Treat: If you find yourself dealing with back and shoulder pain after your hike, try alternating ice and heat: Apply ice first to reduce swelling, and then a heating pad or heat wrap to soothe achy joints and muscles. You can also apply topical pain ointment to temporarily relieve pain. Additionally, during your post-hike recovery, practice some yoga poses to improve your flexibility and range of motion in your joints, which can help ease the pain and strengthen your body for the next hike. See how BioWaveGO RX can be used on the back and shoulders to help relieve pain.
Foot, Heel Pain Are Common for Hikers
Foot issues are one of the most common physical problems that hikers face. When taking a break, you may notice some heel pain. This pain can be a sign of plantar fasciitis. The plantar fascia supports the arch of your foot and absorbs shock when you walk. Hiking can inflame and irritate the fascia due to overuse.
Prevent: Stretch your hamstrings and calves regularly and not just before hiking. Try walking barefoot when you can for your feet to build strength and get more flexibility. Lastly, choose a good pair of hiking boots that will help your feet stay strong and protected.
Treat: Rest after a hike by minimizing your activity to stop any tearing and damage. A tip from the avid hiker Cris Hazzard, AKA Hiking Guy: Freeze a golf ball and massage the fascia by stepping onto the ball, applying some pressure, and rolling your foot on it. This helps break up knots in the muscle. Find out BioWaveGO RX can be used to ease foot pain.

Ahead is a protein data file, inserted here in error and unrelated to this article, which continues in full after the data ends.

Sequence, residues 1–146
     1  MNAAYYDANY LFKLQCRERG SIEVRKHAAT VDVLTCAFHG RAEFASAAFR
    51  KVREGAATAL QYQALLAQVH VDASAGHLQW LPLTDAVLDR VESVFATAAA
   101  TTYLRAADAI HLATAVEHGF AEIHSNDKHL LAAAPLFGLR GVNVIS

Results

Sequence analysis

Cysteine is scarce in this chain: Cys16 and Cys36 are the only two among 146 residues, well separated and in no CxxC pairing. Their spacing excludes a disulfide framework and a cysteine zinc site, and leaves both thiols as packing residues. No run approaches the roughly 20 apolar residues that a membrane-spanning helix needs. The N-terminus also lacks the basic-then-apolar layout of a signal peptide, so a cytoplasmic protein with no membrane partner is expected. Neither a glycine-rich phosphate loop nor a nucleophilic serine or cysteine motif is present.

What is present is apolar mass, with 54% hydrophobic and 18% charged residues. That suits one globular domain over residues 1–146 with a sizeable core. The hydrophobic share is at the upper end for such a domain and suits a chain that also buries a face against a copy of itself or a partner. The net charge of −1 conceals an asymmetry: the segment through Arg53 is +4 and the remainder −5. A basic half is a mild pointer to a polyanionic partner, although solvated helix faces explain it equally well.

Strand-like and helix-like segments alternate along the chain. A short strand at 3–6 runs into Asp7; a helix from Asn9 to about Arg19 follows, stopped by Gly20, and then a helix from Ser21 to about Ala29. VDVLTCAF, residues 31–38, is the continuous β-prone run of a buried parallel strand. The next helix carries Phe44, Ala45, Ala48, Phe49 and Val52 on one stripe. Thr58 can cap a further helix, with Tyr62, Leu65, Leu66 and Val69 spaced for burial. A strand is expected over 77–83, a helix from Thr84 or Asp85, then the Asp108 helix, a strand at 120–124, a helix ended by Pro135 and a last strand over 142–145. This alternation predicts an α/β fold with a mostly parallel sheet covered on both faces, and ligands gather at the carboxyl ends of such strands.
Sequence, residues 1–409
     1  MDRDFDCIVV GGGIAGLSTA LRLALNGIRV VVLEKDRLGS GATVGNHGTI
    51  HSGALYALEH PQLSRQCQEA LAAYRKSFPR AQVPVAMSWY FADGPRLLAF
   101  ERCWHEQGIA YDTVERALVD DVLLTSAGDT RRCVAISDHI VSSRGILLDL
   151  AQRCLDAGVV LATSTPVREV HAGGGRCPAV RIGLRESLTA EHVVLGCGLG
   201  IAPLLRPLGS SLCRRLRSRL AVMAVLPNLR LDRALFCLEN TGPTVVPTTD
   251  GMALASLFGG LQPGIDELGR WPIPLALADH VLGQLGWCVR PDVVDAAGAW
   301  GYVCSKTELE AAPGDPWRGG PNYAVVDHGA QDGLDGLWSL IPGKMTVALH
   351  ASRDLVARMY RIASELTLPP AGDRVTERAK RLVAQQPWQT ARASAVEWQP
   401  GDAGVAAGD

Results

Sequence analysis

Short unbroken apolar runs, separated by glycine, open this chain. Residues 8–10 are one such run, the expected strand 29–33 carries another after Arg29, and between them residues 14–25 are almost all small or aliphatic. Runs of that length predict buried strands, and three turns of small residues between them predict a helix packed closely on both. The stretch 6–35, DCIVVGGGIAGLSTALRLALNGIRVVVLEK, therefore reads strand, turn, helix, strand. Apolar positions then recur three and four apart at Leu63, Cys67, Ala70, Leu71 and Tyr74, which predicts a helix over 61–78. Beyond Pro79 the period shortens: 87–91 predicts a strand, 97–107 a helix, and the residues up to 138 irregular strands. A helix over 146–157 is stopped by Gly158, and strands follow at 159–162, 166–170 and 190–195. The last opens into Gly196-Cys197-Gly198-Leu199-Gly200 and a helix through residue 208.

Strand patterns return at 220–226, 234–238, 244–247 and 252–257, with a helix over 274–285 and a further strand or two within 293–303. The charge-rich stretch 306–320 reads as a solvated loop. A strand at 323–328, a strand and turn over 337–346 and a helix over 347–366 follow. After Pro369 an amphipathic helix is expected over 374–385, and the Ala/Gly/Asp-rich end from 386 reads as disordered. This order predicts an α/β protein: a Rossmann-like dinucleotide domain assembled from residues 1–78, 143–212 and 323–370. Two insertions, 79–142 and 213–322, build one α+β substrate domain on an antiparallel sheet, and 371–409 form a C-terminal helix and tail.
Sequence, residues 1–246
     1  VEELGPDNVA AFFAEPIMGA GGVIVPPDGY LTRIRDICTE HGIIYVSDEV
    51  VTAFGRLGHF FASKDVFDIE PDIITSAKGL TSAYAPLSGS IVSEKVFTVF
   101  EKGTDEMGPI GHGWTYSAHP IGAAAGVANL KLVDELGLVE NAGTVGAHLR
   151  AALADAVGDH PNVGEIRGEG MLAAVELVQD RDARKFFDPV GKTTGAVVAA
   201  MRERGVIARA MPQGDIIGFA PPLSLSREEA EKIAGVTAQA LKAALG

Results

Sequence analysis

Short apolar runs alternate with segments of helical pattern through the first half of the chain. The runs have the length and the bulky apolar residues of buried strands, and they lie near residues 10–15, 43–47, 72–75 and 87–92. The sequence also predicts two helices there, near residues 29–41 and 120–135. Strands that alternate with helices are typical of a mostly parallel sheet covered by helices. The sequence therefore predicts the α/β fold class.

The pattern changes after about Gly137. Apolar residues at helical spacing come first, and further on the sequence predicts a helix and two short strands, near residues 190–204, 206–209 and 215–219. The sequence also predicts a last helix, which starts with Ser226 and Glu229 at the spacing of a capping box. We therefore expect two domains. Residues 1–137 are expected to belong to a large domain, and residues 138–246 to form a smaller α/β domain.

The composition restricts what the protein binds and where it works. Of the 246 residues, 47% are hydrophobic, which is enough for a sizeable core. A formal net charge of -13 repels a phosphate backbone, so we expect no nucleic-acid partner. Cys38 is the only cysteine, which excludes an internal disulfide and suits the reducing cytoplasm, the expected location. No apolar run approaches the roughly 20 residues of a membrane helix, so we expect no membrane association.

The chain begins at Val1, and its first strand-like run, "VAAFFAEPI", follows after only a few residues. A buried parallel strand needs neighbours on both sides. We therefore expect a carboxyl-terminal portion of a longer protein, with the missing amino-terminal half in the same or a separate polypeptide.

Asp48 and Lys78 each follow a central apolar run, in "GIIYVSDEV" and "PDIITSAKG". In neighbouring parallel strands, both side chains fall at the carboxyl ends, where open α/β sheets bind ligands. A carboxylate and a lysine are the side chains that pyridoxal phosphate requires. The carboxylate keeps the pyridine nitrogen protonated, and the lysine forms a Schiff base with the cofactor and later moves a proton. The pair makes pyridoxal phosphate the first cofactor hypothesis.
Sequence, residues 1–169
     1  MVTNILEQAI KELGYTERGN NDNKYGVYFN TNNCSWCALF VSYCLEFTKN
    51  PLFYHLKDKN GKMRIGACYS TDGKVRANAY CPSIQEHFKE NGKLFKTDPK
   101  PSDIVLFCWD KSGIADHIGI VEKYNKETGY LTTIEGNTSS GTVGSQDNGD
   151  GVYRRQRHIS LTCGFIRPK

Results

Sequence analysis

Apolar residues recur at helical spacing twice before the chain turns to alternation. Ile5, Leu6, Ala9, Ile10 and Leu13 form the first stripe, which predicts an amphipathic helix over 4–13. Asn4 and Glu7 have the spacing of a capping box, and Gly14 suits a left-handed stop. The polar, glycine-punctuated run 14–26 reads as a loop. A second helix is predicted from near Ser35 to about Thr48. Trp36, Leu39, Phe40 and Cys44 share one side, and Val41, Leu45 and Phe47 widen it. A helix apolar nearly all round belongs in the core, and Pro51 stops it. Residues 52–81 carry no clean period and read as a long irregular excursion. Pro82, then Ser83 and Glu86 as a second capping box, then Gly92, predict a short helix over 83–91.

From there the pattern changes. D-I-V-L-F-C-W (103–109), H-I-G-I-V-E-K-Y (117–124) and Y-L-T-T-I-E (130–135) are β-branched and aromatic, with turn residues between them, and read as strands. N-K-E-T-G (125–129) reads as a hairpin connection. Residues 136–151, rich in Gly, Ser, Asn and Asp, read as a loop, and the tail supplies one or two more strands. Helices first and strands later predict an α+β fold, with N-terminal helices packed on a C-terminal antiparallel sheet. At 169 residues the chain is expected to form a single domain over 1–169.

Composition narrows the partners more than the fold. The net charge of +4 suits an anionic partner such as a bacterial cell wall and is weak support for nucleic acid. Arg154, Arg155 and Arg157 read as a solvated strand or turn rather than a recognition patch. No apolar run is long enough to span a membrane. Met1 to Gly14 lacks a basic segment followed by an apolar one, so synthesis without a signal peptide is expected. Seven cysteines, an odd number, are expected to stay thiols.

Strengthen Your Muscles to Avoid Knee Pain While Hiking
Knee pain is a common injury among avid hikers, who may experience pain around the kneecap while hiking or several hours after leaving the trail. Although hiking uphill can be strenuous because of steep terrain, hiking downhill is usually what damages the knees. According to the Washington Trails Association, your knees absorb nearly eight times your body weight when hiking downhill. Your outstretched leg relies on the knee to handle the pressure when going downhill, and that pressure could lead to knee pain.
Prevent: Stay in shape and eat a healthy diet to fight inflammation that may exacerbate your knee pain. Also, work out your leg muscles regularly by doing hamstring, calf, and IT band stretches and exercises. Having strong and balanced quadriceps and hamstrings will support your knees by holding the joint in an optimal position and to help absorb some of the shock when hiking.
Treat: Take a nonsteroidal anti-inflammatory drug to reduce pain and inflammation in your joints, while also doing the R.I.C.E. method and applying heating pads or wraps to soothe aches. Learn how BioWaveGO can also help you find knee pain relief.
Bounce Back from Common Hiking Injuries with BioWaveGO
Hiking can be fun and relaxing, but it can also push your body. Repair your sore or injured muscles and joints by following these tips, staying hydrated, and getting a good night’s sleep.
Adding an electrotherapy device like BioWaveGO® RX to your post-hike recovery regimen can accelerate your recovery. This 100% drug-free, wearable, FDA cleared with smarter pain blocking technology device helps relieve pain and inflammation and can optimize muscle recovery. BioWave RX is recognized and covered by most insurances. Get yours today.
Preparing yourself and your family to prevent and treat common hiking injuries can give you the confidence and know-how to have a fantastic time on your next hike. So what are you waiting for? Pack your backpack, lace up your boots, bring your BioWaveGO and get out there – the trails are calling!